White Bird Dance

Paul Taylor and White Bird, intertwined

The Paul Taylor Dance Company returns to Portland with sparkling versions of three mid-career Taylor dances

White Bird has brought the Paul Taylor Dance Company back to Portland for the sixth time this weekend, a remarkable dedication to the twisty elegance, dark undercurrents and sheer fun of Taylor’s work and the talent of his dancers. This particular visit touches all those bases with a program that spans a period in Taylor’s choreography after he’d moved past youthful exuberance toward a more layered, focused art. Arden Court (1981), Syzygy (1987) and Piazzolla Caldera (1997) are all well-made dances that retain Taylor’s playfulness and his darker side, on one hand, and integrate them into formal movement invention of the first order.

I’m going to talk a little about each of those pieces, but in the analytical process, I hope neither the delight of the visual spectacle nor the bone-deep communication of the dances gets forgotten. That experience is the most important aspect of a Taylor concert, after all, and the reason that the company’s many visits to Portland make sense.

Paul Taylor Dance Company, “Arden Court”/Photo by Paul B. Goode

Paul King and Walter Jaffe started White Bird 20 years ago, and the first company they brought to town was Taylor’s. I think of this decision as a sort of marker, a statement about how King and Jaffe thought then (and perhaps continue to think) about quality, creativity, importance. And it has served them—and their audience—well through those two decades.

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DanceWatch Weekly: Inside and outside the bubble

The Oregon dance scene extends beyond Portland, we are happy to report, and a ton's happening in town, too

When I lived on the East Coast, New Jersey specifically, it took about an hour-and-a-half of driving to get anywhere—to New York, Philadelphia, even to southern New Jersey. That was the norm, it was accepted, and we did it obediently, with occasional grumbling here and there. But I’m glad I did it because New Jersey did not offer the artistic communities, resources and variety that I craved. Don’t get me wrong, Jersey isn’t ALL bad, it does have the best pizza and bagels in the land, and it’s home to a magical place called Grounds For Sculpture, a 45-acre outdoor sculpture park, inhabited by a pride of peacocks.

Because of this experience, I was relieved when I arrived in Portland five years ago to discover that everything I wanted and needed was just 10-15 minutes away from home. But now, in the process of scouring the internet for dance performances, I am learning a lot about dance communities outside of Portland, and my original concept of Portland’s community has broadened to include them. I see these communities as opportunities for exchange and partnership, and a way to break out of the Portland bubble and connect to other dance communities. It’s time to get back in my car.

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Stop Motion: Eugene dance world’s shrinking borders

Eugene arts and political leaders must broaden the city's dance horizons

by RACHAEL CARNES

Choreographer David Parsons’ signature piece, Caught (1982), features more than 100 leaps in six minutes by a solo dancer who is repeatedly trapped in mid-motion by the strobe lights he controls, creating an illusion of flight. Seen live, the work is unforgettable; I saw it once here, in Eugene, at the Hult Center’s Silva Hall, danced by Parsons himself.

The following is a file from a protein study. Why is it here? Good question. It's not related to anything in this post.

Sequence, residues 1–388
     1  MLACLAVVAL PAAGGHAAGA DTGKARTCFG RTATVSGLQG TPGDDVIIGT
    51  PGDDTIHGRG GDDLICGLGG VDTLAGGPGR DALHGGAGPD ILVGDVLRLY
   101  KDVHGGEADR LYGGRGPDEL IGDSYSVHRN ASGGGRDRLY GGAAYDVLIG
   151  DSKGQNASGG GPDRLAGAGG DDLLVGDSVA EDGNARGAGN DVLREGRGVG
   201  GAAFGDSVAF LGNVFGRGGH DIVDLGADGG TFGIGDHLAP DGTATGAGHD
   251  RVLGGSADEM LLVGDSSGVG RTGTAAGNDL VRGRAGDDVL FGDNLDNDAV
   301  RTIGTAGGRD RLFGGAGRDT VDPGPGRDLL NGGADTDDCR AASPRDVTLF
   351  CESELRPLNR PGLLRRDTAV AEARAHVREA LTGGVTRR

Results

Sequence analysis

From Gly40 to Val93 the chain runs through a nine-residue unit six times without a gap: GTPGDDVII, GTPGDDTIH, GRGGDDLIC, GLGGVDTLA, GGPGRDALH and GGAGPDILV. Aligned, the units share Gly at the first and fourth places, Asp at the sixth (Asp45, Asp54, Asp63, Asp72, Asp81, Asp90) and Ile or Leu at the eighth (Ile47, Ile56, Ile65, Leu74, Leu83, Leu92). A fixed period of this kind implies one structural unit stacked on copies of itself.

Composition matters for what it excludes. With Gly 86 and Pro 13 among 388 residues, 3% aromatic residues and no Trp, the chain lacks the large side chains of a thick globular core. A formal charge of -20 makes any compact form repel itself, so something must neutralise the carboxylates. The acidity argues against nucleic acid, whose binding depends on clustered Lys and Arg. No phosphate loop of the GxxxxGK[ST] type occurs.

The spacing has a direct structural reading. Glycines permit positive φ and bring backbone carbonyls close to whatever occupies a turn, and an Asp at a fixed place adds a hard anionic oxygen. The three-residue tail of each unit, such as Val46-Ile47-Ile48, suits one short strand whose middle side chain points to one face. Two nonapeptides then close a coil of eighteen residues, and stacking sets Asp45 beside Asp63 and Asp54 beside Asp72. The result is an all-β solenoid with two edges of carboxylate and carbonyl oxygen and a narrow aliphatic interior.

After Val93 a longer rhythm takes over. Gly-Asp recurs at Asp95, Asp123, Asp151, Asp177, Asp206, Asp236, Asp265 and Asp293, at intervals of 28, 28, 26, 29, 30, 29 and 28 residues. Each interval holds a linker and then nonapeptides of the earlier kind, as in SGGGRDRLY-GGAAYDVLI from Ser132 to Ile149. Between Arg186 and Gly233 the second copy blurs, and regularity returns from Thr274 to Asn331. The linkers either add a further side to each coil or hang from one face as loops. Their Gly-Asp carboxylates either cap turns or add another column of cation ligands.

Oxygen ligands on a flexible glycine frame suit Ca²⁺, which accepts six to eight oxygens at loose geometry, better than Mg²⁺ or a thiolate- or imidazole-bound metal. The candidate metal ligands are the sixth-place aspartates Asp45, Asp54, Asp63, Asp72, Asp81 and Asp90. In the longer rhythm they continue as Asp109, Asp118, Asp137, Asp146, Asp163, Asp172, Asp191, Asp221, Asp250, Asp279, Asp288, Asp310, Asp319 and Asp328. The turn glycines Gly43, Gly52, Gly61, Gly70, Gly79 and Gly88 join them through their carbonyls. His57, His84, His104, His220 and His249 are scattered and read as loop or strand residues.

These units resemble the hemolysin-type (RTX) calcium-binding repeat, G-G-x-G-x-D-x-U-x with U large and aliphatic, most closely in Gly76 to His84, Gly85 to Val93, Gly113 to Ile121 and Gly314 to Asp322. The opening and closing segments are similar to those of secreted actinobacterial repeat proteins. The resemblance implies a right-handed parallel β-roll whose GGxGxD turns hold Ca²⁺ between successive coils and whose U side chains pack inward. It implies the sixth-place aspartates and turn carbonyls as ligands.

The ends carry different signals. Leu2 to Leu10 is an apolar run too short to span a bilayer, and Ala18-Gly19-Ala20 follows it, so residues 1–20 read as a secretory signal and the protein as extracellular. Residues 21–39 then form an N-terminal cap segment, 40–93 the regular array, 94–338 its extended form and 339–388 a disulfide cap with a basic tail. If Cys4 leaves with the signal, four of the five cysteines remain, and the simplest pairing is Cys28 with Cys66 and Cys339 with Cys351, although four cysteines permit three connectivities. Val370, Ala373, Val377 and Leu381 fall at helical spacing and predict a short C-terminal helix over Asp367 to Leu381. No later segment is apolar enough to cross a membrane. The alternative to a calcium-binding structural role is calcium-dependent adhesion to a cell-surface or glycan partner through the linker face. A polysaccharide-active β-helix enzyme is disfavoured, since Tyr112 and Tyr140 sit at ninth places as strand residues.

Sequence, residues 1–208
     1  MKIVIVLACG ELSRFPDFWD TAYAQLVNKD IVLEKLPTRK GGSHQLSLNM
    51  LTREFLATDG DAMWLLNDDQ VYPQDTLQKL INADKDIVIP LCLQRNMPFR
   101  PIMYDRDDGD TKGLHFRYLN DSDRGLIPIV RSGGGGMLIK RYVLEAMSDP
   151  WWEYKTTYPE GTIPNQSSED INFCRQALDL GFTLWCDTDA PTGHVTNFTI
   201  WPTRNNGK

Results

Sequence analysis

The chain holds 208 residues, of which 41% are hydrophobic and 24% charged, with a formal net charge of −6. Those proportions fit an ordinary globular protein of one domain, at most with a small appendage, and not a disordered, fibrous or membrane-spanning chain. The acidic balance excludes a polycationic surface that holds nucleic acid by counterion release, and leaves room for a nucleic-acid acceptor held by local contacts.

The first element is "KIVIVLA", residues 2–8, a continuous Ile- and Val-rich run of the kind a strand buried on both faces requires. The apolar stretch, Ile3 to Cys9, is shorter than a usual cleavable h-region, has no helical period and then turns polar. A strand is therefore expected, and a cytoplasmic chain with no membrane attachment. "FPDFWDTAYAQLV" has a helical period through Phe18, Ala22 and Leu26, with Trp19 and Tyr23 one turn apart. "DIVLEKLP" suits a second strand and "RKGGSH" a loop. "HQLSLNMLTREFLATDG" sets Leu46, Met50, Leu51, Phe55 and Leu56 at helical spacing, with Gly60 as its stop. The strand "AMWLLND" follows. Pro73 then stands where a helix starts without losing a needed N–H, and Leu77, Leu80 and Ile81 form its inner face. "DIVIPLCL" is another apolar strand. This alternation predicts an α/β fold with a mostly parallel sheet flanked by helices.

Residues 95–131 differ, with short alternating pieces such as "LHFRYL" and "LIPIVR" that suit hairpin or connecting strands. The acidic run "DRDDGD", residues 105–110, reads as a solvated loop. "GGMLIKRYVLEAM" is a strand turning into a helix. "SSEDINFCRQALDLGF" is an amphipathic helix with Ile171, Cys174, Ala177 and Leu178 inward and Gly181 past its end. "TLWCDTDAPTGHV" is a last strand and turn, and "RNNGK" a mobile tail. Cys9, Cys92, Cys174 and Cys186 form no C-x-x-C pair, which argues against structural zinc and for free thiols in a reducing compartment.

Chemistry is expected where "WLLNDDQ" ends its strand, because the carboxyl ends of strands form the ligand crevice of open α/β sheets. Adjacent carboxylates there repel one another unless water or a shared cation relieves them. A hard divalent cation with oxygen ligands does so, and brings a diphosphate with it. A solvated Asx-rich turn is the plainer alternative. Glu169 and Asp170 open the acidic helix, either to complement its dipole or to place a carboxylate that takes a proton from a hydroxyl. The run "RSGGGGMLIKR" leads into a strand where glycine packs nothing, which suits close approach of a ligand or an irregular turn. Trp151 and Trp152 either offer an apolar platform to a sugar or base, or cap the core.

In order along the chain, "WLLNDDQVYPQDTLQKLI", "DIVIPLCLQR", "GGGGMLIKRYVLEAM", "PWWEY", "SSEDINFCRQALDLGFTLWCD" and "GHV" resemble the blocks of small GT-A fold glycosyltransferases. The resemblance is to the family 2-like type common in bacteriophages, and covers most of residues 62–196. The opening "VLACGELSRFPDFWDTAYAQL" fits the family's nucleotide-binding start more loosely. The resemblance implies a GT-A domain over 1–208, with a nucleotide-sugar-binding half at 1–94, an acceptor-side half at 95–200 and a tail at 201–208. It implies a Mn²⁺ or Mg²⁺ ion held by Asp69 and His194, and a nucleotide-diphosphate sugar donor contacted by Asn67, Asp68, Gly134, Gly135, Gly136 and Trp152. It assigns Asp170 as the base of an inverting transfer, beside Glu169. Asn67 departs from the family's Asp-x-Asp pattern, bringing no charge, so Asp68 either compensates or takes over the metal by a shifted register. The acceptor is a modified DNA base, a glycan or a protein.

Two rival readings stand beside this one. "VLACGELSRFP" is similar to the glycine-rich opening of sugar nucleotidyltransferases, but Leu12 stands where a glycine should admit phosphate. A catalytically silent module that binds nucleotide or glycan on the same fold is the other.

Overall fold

David Parsons's "Caught." Photo: B. Doctor.

David Parsons’s “Caught.” Photo: B. Doktor.

Caught seems an apt metaphor for dance: vital, powerful yet ephemeral, almost fragile. Dance requires a nutritive base to thrive, constant support and a collaborative spirit. Any dance venture is a leap of faith.

Although Parsons’ company made four visits to Eugene from 1992-2000, it’s unclear when we might see a national or international touring company here again. Dance in Eugene is varied and diverse, yet the community is acutely missing the kinds of opportunities it used to enjoy.

In this city, I can go to the museum and see masterworks on display. I can attend a concert and hear a variety of music from around the globe, played to perfection. I can sit down at the theater and see premiers from playwrights from across the country.

And yes, I can see dance — I try to see everything local — and the talent and verve our community has to offer continually amaze me. But what I can’t see with any regularity is choreography from beyond this valley, or dance from beyond this region.

Eugene once hosted stellar out-of-town companies, artists with worldwide and historical significance: Martha Graham Dance Company, David Parsons, Bill T. Jones, Pilobolus, Ronald K. Brown/EVIDENCE, Nrityagram, even the Bolshoi Ballet — all played the Hult, some making repeated visits to our leafy college town.

Exposure to contemporary dance increases awareness, not just for dance but for other art forms, too. Looking at dance helps people learn to see, to observe, to relate. And looking at dance builds audiences for theater, music and art, for now and for future generations.

So where did the national and international touring companies go? And will the stars align to leverage their return?

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Dance Weekly: Risk meets Reward

BodyVox, ODC/Dance and innovators of all kinds fill Portland stages.

Every artist is a risk-taker, spending hours upon hours creating something that he or she finds interesting, with no idea whether the public will find it intelligible at all. Failure always seems imminent, but the internal desire to create, the process of creation and the personal gain completely outweigh the possibility of failure.

This week’s dance offering are all about personal gain and, of course, lots of incredible dancing.

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White Bird opener: It was a dark and moody night

Aspen Santa Fe Ballet kicks off White Bird's season with an oddly monochromatic program

Photo: Aspen Santa Fe Ballet

Photo: Aspen Santa Fe Ballet